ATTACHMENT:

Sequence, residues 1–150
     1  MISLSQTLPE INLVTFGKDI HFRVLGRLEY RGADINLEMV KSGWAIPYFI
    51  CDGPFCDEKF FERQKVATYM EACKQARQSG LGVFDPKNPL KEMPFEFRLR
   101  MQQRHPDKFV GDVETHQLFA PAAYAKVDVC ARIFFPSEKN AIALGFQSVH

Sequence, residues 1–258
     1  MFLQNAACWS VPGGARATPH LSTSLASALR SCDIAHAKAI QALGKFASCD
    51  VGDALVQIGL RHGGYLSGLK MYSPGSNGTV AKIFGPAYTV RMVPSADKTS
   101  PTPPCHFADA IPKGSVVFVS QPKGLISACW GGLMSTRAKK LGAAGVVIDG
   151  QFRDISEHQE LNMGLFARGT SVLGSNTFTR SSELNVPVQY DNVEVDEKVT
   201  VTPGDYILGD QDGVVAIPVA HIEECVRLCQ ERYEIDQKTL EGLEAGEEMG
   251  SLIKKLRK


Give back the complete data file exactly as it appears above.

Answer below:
Sequence, residues 1–150
     1  MISLSQTLPE INLVTFGKDI HFRVLGRLEY RGADINLEMV KSGWAIPYFI
    51  CDGPFCDEKF FERQKVATYM EACKQARQSG LGVFDPKNPL KEMPFEFRLR
   101  MQQRHPDKFV GDVETHQLFA PAAYAKVDVC ARIFFPSEKN AIALGFQSVH

Sequence, residues 1–258
     1  MFLQNAACWS VPGGARATPH LSTSLASALR SCDIAHAKAI QALGKFASCD
    51  VGDALVQIGL RHGGYLSGLK MYSPGSNGTV AKIFGPAYTV RMVPSADKTS
   101  PTPPCHFADA IPKGSVVFVS QPKGLISACW GGLMSTRAKK LGAAGVVIDG
   151  QFRDISEHQE LNMGLFARGT SVLGSNTFTR SSELNVPVQY DNVEVDEKVT
   201  VTPGDYILGD QDGVVAIPVA HIEECVRLCQ ERYEIDQKTL EGLEAGEEMG
   251  SLIKKLRK